The federal and provincial governments announced that they are working together to build the largest battery storage project in the country on Friday, February 10, 2023.
Ontario Premier Doug Ford and Deputy Prime Minister Chrystia Freeland made the announcement in Ohsweken on Friday morning.
The 250-megawatt (MW) Oneida Energy storage project is being developed in partnership with the Six Nations of the Grand River Development Corporation, Northland Power, NRStor and Aecon Group.
The province has directed the Independent Electricity System Operator to enter into a 20-year deal with the project as part of the push for a more clean energy supply.
The battery storage project will be located in Haldimand County in Jarvis, and will consist of installing lithium batteries on a 10-acre plot of land in order to absorb surplus electricity from the Ontario power grid when demand is low, and return it to consumers when needed during peak periods.
The Oneida Energy storage project is expected to reduce emissions that will be the equivalent of taking up to 40,000 cars off the road.
“It will more than double our province’s energy supply storage resources and will provide enough electricity to power a city approximately the size of Oshawa,” said Ford.
The project has been in development since 2018 and is currently under construction and set to begin operating in 2025. Ottawa is investing $50 million more in addition to the $170 million in funding from the Canada Infrastructure Bank to help develop the project.
Six Nations officials say it is involved in the project and that it will take 97% of local construction workforce to build it.
“Six Nations is always happy to partner on projects that align with culture values, respect of the land, as well as responsible stewardship of the environment,” said Six Nationals elected Chief Mark Hill. “Today’s announcement is one way in which we are doing our part to create a sustainable future, reducing emissions, as well as providing a reliable source of green energy for the benefit of all of our families. It will also bring socioeconomic development to our community and provide a boost to the well-being of our entire nation.”
Freeland spoke about the project and the opportunities it will provide for the community of the Six Nations of the Grand River, as well as Canada as a whole.
“This is about indigenous prosperity and indigenous people taking control of their lives and their economy,” she said. ‘It’s about Canada’s clean economy future and our clean economy present. The jobs we are creating for today and the future because that’s where the world is going.”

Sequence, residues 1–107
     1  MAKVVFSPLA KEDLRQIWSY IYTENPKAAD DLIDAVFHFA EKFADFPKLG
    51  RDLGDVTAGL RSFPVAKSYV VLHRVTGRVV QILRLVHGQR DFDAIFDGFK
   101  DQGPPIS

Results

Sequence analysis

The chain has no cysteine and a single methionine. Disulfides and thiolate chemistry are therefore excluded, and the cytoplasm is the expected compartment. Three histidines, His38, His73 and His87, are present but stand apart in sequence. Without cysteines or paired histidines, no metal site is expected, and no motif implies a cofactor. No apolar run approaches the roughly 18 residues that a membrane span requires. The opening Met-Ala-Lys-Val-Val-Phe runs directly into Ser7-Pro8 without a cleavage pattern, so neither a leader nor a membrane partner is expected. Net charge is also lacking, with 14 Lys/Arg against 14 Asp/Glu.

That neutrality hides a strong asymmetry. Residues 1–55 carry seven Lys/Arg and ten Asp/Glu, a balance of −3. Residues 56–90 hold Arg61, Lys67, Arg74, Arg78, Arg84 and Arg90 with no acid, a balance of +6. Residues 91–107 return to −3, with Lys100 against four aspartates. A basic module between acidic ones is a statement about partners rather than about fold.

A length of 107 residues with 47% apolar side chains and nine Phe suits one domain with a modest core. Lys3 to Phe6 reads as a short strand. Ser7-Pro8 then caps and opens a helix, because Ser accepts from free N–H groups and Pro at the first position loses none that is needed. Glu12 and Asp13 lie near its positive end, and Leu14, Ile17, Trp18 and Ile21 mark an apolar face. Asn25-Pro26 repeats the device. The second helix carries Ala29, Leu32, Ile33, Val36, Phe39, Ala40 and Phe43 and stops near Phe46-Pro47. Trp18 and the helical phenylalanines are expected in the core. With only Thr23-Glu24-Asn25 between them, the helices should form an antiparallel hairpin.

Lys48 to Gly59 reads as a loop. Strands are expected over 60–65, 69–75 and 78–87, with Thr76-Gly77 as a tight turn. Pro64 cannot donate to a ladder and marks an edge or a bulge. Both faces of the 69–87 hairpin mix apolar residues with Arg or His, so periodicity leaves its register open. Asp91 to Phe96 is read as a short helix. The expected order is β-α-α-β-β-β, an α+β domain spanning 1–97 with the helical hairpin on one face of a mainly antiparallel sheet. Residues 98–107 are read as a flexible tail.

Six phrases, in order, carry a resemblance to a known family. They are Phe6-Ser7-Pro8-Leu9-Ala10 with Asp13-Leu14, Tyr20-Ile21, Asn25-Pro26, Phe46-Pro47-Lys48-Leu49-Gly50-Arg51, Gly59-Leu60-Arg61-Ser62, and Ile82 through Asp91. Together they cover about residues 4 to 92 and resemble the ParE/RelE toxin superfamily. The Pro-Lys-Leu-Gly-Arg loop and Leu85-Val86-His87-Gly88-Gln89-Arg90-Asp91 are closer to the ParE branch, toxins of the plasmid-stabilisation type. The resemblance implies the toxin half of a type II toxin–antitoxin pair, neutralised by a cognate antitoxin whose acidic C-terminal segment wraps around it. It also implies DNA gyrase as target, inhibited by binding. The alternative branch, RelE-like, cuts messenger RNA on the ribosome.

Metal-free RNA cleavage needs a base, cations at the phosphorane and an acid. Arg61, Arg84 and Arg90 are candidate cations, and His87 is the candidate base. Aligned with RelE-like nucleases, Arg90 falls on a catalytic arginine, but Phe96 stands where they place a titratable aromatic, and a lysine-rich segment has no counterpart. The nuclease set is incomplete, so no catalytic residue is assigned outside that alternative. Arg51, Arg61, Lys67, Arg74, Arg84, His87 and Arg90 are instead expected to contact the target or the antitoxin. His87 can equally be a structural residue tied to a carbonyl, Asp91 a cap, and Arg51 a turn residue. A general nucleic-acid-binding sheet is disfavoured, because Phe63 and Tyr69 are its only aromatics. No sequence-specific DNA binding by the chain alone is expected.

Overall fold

She later spoke about the project being a chance for reconciliation between Canada and its Indigenous communities.
“And I really want to recognize Chief Hill and Six Nations for their leadership,” she said. “Reconciliation is a priority for our government – I think it’s a priority for all Canadians. I think we recognize that Canada’s an amazing country, but we have an original sin and reconciliation is the path forward. I absolutely believe that Indigenous prosperity built through projects like this one is an essential part of the path to reconciliation.”
While the project is set to be an act of collaboration between the government and the Six Nations community, not everyone is pleased about the announcement.
Traditional leadership members, the Haudenosaunee Confederacy Chiefs Council say they were not made aware of the announcement taking place and were not involved in the decision-making process. Upon their arrival, they were turned away from the building.
“The elected band council does not have the express written, verbal, sanction or permission from the Confederacy Council to be talking on issues pertaining to our lands,” said Colin Martin, co-chair of Haudenosaunee external relations committee and police liaison for the Haudenosaunee Confederacy Chiefs Council. “That’s the sole authority of the Confederacy Council. Our biggest concern is obviously the environment because that’s what we stand for as Haudenosaunee people. We don’t know what effects this deal is going to have on the environment.”
Deyohowe:to, the chief of the Cayuga Snipe Clan, says the project won’t happen.
“We’ve never heard of this before. No one came to the community and said this was going to happen and for the community we are not going to let that happen,” said Deyohowe:to.
Chief Hill insists the Haudenosaunee Confederacy Chiefs Council (HCCC) was given every opportunity to be involved and hopes they can all get together in one room to discuss the matters internally.